Nick Brodie, a medievalist and ‘professional history nerd’, enjoys writing in a revelatory tone. His latest book, The Vandemonian War: The secret history of Britain’s Tasmanian invasion, claims to unveil ‘for the first time’ the ‘real story’ of the Tasmanian conflict in the 1820s and 1830s known as the Black War or the Vandemonian War. It is an argument against the generations of historians who have ‘failed to see through the myths and lies’ about Tasmania’s intensely militarised past. These nameless individuals, he contends, neglected crucial documents about the invasion – ‘even when they knew of them’. The real Vandemonian War remained hidden, Brodie argues – ‘until now’.
The basis for Brodie’s claim is his ‘discovery’ of the inbound and outbound correspondence from the Colonial Secretary’s Office in the Tasmanian Archives and Heritage Office in Hobart, designated CSO1/1/320 and CSO41/1/1 (7578). Brodie seems to be unaware of Tasmanian Aboriginal curator Julie Gough’s ongoing project to transcribe the ‘7578’ files and to publish them online; he brushes over the extensive study of part of the ‘7578’ archive offered by N.J.B. Plomley in Friendly Mission (1966); and he declines to engage with the work of the ‘tiny fraction’ of historians who have breathed meaning and insight into this archive over recent decades. Indeed, he dispenses with this rich vein of scholarship in his first two footnotes and does not refer to the work of a single contemporary scholar in the text. Instead, he embarks on a fine-grained discussion of the primary source material: the troop orders, mission reports, and arms catalogues that ‘capture history as it happened’.
The Vandemonian War certainly brings a wealth of rich material on frontier violence into the public domain, yet it will be difficult for most readers to discern what is new here, as Brodie claims that everything he has uncovered is new. ‘Everyone will be shocked,’ he warns at the start of his grand exposition: ‘Whole societies were deliberately obliterated. And genocide, I have come to realise, can be a starched white-collar crime.’
The book provides a detailed account of the military logistics in Tasmania between 1828 and 1832. Brodie’s characters are administrators, militiamen, paramilitary parties, regimental soldiers, mercenaries, brigadiers, commanders, sergeants, corporates, privates, special forces, and ‘Aboriginal auxiliaries’. He translates the conflict into the language of war, describing the various tactical strategies, pincer movements, and intelligence operations undertaken by the British. He even playfully opens one chapter with the line, ‘All was relatively quiet on the western front in early winter 1830.’ This embrace of the genre of military history underlines his core argument about the Vandemonian War: the conflict was industrial and intensely militaristic, but has been ‘de-militarised’ in popular memory ‘in favour of a narrative focused on sporadic skirmishes’.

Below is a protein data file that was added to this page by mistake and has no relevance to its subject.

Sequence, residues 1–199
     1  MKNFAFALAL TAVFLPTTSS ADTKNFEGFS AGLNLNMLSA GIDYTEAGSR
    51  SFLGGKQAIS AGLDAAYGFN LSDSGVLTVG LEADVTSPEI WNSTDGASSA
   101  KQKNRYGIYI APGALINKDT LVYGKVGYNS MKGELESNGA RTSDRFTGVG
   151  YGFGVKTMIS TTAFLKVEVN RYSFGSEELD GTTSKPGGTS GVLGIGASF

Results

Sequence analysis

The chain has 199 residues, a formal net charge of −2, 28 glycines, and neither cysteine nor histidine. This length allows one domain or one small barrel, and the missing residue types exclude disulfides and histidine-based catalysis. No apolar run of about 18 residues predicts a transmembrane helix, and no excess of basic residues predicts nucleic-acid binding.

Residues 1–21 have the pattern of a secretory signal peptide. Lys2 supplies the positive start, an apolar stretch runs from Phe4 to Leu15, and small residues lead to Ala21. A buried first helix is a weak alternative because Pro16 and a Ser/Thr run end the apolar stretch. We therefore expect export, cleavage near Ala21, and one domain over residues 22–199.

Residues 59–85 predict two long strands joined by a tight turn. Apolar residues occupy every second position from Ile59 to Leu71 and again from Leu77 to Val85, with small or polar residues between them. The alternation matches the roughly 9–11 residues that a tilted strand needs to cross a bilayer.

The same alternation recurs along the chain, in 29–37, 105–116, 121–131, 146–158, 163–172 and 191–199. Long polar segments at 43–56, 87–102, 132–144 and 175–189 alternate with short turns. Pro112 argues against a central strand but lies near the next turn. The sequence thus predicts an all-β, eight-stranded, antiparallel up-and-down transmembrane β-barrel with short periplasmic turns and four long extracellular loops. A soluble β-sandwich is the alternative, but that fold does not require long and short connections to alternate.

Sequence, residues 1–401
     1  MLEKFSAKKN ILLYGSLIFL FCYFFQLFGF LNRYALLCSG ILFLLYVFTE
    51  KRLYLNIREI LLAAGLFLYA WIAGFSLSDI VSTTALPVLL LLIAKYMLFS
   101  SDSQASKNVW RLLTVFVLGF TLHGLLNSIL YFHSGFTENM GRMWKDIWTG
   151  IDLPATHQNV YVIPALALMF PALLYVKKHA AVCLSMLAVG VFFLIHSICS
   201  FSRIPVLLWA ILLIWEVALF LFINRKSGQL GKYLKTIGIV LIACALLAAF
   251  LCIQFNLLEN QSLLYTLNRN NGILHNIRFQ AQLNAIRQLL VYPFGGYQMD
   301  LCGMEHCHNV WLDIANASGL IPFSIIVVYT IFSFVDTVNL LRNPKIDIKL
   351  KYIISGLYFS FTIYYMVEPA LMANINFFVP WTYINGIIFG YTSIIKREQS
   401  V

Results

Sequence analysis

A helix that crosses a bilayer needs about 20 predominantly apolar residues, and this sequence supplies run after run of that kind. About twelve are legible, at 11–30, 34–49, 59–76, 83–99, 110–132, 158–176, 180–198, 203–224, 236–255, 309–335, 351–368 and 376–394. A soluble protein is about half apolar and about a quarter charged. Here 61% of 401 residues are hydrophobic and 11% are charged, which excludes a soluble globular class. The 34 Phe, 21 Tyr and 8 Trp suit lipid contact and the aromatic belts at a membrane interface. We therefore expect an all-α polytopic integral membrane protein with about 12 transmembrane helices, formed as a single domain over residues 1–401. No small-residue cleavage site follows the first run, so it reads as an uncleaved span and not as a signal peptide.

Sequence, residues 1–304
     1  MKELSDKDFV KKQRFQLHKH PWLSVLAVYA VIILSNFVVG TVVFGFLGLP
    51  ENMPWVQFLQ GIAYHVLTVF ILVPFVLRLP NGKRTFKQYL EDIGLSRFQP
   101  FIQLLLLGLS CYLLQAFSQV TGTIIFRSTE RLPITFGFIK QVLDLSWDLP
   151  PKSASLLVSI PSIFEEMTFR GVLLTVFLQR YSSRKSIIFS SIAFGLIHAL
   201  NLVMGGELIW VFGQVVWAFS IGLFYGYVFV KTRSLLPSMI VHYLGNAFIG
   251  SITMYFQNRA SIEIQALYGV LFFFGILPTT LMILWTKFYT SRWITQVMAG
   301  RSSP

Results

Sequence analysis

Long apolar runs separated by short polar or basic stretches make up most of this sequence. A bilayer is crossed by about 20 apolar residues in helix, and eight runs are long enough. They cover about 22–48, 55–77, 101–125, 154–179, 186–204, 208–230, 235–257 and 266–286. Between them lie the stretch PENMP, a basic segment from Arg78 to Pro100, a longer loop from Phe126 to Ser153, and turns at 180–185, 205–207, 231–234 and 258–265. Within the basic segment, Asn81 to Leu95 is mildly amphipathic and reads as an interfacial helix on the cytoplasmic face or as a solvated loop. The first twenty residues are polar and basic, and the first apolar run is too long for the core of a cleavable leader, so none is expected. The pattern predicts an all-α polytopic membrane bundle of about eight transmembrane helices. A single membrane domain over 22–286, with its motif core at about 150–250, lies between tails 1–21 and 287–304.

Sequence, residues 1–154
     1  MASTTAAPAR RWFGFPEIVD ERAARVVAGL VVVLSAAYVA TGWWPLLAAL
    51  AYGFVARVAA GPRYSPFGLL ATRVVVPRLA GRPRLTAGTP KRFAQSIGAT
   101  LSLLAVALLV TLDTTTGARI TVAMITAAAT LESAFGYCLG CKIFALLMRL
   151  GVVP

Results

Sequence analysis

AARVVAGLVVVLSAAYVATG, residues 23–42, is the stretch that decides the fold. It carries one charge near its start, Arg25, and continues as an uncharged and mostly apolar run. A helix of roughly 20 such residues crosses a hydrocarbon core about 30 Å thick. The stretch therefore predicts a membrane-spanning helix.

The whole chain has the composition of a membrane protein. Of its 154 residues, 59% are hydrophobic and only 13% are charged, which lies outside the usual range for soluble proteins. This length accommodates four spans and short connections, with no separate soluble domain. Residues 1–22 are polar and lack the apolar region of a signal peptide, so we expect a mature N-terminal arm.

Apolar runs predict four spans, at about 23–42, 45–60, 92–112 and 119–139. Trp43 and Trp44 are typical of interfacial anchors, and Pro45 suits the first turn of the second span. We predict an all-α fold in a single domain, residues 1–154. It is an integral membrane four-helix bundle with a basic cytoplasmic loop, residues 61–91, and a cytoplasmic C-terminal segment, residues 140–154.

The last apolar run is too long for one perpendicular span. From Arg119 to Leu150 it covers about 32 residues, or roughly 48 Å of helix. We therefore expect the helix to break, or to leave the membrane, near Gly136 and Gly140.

The relentless blow-by-blow description of the individual campaigns is successful in conveying the systematic attempts by the British military and paramilitary to ‘harass Aboriginal people into surrender or degrade them into annihilation’. And the fact that Brodie hews so close to his sources will make the book a valuable resource to other scholars seeking easy access to this fragile archive. The sources provide a fascinating window on the transitory world of the frontier, and they are sometimes enriched by a discussion of the layered nature of the archive. In January 1830, for example, Richard Tyrrell reported an encounter with two Aboriginal people roasting kangaroo by their fires near the highland lakes. Suspecting others would be nearby, Tyrrell felt ‘reluctantly obliged to fire at the Two’. The Colonial Secretary later underlined this phrase, writing a single word in the margin of the report: ‘why?’ It is a revealing glimpse of puzzlement.
But the question of ‘why?’ remains unanswered in The Vandemonian War. Brodie gives little consideration to the intent behind the repeated missions, aside from broad statements about conquest and genocide. What was the purpose of the policy of ‘conciliation’? Was it simply, as he suggests, another word for ‘ethnic cleansing’? What of the humanitarian rhetoric, even genuine concern, expressed by colonial leaders? This is where some dialogue with other scholars – such as Lyndall Ryan, Henry Reynolds, James Boyce, Nicholas Clements, Fae Dussart, Murray Johnson, Tom Lawson, Alan Lester, Ian McFarlane, and Rebe Taylor – would have strengthened the analysis.
There is also remarkably little space given to the Aboriginal people against whom this war was waged. What strategies did Aboriginal people employ to resist the ‘mass military mobilisation’? Brodie struggles to move beyond the documentary record, instead lamenting that ‘The surviving Aboriginal people of Van Diemen’s Land mostly died in exile and the Vandemonian War disappeared from public memory with them.’ Nevertheless, he claims credit for highlighting the ‘complex spectrum of inter-cultural interactions that has been too often overlooked in Vandemonian history’, adding, tautologically, ‘But cultural exchanges often went two ways.’
If framed differently, The Vandemonian War might have become another important contribution to the so-called ‘history wars’, for it makes a strong case for the Tasmanian frontier to be viewed through the lens of formal warfare. Yet Brodie only makes a single veiled reference to the charged debate, and in doing so he groups both sides together, dismissing it as a fight over ‘different versions of the same lie’. It is only now, he asserts, that the ‘lie’ of sporadic skirmishes has been vanquished: the Vandemonian War was more warlike, more orchestrated, and more horrific than anyone ever thought or believed – until Brodie wrote this breathless military history.